Contemporary view of the clinical relevance of magnesium homeostasis
Magnesium is one of the most abundant cations in the body and is essential for a wide variety of metabolically important reactions. Serum magnesium concentration is regulated by the balance between intestinal absorption and renal excretion. Hypomagnesaemia is relatively common, with an estimated prevalence in the general population ranging from 2.5 to 15%. It may result from inadequate magnesium intake, increased gastrointestinal or renal loss or redistribution from extracellular to intracellular space. Drug-induced hypomagnesaemia, particularly related to proton-pump inhibitor (PPI) therapy, is being increasingly recognized. Although most patients with hypomagnesaemia are asymptomatic, manifestations may include neuromuscular, cardiovascular and metabolic features. Due to the kidney's ability to increase fractional excretion to nearly 100% when the renal magnesium threshold is exceeded, clinically significant hypermagnesaemia is uncommon, generally occurring only in the setting of renal insufficiency and excessive magnesium intake. Symptoms include hypotension, nausea, facial flushing, ileus and flaccid muscle paralysis. In most cases, simply withdrawing exogenous magnesium is sufficient to restore normal magnesium concentrations, although occasionally administration of intravenous calcium or even dialysis may be required.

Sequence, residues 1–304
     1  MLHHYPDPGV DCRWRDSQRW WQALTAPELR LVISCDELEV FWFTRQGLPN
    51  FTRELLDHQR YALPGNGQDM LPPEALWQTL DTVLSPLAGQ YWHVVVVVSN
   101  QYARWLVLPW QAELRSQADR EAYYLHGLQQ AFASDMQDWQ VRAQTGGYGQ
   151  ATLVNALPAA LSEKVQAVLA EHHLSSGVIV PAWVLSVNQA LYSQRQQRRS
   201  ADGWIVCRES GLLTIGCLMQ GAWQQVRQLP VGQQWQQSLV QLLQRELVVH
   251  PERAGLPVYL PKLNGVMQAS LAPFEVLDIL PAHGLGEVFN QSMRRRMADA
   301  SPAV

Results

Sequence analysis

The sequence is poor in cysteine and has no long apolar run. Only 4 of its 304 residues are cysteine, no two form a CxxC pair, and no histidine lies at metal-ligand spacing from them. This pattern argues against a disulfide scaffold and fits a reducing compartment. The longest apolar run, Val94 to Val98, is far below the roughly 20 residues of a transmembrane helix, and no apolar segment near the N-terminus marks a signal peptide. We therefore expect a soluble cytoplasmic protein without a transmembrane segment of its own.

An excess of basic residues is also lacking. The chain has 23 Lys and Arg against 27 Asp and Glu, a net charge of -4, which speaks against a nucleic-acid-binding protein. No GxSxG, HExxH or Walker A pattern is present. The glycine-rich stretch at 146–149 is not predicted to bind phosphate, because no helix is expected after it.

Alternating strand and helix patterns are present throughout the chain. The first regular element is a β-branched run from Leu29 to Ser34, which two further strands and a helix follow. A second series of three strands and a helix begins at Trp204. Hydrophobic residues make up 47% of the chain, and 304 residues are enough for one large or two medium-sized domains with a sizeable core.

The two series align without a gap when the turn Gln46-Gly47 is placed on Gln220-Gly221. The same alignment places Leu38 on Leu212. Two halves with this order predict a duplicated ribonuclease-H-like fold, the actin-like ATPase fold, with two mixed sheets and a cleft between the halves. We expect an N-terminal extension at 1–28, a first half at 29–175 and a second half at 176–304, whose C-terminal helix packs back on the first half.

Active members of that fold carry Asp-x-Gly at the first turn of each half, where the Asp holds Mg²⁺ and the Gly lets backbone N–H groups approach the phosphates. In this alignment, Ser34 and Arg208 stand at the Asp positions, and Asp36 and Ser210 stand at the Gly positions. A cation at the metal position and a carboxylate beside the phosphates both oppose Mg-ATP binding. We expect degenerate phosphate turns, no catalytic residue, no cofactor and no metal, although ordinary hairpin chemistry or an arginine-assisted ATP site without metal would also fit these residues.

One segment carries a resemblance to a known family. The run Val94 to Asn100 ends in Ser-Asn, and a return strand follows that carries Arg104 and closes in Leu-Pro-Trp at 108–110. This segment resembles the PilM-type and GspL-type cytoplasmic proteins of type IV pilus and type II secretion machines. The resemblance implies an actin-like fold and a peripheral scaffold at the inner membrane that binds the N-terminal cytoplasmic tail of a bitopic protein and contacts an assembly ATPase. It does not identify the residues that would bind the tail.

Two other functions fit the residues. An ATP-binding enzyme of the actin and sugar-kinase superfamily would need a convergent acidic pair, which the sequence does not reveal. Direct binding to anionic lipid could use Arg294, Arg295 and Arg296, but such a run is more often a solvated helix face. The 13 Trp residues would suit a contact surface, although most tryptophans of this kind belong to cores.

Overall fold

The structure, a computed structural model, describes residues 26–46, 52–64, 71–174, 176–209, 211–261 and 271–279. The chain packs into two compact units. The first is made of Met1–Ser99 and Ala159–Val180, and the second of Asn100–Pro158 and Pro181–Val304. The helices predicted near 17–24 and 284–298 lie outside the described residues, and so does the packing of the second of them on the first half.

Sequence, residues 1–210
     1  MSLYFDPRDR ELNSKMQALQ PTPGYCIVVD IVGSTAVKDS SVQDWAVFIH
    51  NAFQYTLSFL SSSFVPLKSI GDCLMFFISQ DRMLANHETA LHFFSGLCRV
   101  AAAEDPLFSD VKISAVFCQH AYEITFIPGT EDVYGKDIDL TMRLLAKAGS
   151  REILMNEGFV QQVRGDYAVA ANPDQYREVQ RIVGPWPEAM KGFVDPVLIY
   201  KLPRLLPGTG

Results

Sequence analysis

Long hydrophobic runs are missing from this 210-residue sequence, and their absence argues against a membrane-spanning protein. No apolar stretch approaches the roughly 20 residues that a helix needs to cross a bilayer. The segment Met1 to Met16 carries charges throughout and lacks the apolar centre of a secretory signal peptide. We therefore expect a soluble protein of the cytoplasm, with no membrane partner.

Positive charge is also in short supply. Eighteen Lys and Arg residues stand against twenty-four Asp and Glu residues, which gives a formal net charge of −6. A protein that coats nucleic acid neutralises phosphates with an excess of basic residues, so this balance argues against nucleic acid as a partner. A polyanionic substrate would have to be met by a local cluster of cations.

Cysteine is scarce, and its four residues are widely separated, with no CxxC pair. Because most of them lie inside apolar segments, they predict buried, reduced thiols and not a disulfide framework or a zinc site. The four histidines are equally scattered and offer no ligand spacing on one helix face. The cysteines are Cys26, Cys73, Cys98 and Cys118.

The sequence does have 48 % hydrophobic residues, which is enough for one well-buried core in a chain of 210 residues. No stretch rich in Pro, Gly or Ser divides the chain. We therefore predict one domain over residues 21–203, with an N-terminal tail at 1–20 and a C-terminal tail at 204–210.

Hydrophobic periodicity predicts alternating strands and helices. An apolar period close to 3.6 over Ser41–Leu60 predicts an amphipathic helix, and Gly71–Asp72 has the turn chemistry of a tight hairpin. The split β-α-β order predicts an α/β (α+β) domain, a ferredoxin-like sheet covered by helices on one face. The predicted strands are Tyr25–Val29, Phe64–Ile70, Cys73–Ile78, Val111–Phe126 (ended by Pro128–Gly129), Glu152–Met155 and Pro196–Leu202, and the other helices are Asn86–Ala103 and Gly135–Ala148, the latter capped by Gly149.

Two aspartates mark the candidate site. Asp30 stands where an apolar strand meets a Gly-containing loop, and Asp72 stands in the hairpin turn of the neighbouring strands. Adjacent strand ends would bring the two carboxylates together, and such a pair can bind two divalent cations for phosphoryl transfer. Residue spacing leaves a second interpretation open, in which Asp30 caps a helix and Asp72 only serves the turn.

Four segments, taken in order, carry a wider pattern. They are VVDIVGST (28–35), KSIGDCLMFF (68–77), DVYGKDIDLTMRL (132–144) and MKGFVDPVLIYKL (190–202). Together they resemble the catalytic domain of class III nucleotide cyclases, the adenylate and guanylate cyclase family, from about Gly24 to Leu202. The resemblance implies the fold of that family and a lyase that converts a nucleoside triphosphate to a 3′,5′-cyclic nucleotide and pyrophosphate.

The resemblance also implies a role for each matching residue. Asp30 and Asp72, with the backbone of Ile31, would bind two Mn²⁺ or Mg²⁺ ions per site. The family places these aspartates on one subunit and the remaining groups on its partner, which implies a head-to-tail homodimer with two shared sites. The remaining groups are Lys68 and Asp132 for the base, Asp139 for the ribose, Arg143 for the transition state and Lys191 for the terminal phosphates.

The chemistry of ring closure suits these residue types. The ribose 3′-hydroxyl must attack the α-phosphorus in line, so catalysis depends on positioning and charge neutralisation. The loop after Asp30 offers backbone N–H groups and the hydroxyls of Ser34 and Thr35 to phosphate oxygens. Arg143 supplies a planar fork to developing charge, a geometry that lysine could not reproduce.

Contemporary view of the clinical relevance of magnesium homeostasis Ann Clin Biochem. 2014 March